On the final day we went and did Findon Sheep Fair. That gave us 24. We planned to do a few more but were so knackered from all the walking that it was time to head home!
Boy were our feet aching! We must have walled over 40 miles for the grand total of 161 caches! Wow! We did however only manage to swap 1 TB!!! And that was in a random cache nearby to where we were doing a trail.
We did have some interesting adventures though…
We met some overly friendly sheep and had a herd of 50 block our access across the field. They all ran up to us and wouldn’t stop bleating! They thought we had food for them! After 5 minutes of thinking “How the hell are we going to get past?” we came up with the idea of clapping our hands. That scared them enough for us to sneak past!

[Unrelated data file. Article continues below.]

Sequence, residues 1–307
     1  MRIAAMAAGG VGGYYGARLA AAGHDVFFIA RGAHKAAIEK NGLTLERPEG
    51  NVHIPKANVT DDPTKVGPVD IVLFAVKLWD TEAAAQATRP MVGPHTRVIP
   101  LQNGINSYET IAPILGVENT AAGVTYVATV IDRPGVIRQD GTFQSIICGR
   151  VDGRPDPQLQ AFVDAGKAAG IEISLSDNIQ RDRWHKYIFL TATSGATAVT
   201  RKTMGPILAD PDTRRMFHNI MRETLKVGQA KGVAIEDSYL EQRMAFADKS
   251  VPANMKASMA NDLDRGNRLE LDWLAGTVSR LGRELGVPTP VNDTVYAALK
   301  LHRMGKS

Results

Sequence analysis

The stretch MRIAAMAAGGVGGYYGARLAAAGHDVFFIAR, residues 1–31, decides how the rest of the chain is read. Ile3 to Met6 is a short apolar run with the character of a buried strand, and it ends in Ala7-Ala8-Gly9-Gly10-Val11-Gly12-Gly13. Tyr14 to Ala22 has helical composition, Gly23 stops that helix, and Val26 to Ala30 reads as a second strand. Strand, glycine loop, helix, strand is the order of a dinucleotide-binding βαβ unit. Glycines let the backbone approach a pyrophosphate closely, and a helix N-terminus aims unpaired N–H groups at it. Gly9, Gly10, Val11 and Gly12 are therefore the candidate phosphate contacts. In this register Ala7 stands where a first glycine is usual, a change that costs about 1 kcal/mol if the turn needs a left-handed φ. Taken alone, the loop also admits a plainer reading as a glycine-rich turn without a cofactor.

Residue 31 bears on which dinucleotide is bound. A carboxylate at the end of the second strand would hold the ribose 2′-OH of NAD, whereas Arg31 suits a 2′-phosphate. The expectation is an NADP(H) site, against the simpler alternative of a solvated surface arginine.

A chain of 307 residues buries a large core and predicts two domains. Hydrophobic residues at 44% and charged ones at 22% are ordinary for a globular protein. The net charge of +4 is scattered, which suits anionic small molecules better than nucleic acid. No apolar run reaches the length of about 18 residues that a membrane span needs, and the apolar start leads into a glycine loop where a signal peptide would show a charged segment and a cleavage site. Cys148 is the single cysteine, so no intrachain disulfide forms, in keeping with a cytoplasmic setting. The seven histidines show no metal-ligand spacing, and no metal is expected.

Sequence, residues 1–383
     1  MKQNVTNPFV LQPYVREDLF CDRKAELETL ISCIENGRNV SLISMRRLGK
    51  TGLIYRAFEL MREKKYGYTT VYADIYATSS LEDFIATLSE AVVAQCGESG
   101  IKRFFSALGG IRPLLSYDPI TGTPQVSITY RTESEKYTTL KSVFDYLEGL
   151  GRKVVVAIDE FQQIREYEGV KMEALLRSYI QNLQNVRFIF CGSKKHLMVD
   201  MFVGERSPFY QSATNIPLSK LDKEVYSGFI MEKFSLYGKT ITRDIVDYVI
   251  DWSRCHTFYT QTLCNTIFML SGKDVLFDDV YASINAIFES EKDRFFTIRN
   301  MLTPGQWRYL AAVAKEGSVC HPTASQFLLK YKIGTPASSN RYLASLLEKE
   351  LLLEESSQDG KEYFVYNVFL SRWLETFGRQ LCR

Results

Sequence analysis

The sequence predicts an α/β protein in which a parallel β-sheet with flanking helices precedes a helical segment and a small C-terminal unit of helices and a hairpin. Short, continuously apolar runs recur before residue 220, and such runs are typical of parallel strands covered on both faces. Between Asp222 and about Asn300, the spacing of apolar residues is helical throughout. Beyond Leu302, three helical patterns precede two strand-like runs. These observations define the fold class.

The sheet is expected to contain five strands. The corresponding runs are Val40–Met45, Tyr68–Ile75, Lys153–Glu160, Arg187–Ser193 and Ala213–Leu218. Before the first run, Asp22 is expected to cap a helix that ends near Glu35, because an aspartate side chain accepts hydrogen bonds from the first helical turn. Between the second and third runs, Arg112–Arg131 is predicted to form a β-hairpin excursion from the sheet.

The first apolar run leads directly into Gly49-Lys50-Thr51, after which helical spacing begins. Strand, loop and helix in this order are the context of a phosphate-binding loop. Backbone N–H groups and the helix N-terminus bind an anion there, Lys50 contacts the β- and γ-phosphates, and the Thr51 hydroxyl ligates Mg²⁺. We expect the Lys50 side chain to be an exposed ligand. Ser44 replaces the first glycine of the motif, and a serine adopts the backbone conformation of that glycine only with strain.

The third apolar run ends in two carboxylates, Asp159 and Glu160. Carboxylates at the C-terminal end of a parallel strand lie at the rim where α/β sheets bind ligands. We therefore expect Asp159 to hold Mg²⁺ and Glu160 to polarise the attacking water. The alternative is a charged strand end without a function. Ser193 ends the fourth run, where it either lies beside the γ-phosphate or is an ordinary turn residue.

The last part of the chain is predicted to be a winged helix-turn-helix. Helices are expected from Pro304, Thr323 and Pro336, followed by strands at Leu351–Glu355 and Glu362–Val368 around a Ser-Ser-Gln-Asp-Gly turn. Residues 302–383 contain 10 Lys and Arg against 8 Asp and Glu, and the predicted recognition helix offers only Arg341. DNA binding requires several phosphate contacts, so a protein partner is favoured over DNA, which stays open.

We had two finds which we very nearly DNF’ed. They weren’t in their spots, but on the grass nearby. We worked out that a bird must have stolen one of the micros from the hole in a tree where it was meant to be as he saw it shining in the sun.
We also found one with a huge string of DNF’s spanning back to May. The cacher who had found it a few weeks before we got there said in his log that due to the string of DNFs it obviously wasn’t there so he hid a micro he had spare in the obvious location. Top marks for helping out and replacing it, but unfortunately it was the wrong spot as the original cache was still actually there! The cache wasn’t missing and whilst searching for this new micro I found the original cache! It was in a tree near where a load of stinging nettles were. They’re dying off now so we were able to get at it. The nettles would have deterred the cachers between May and July! I’m wondering whether to carry some micros with us as there are indeed some DNF spots where we KNOW the cache should be but has been muggled.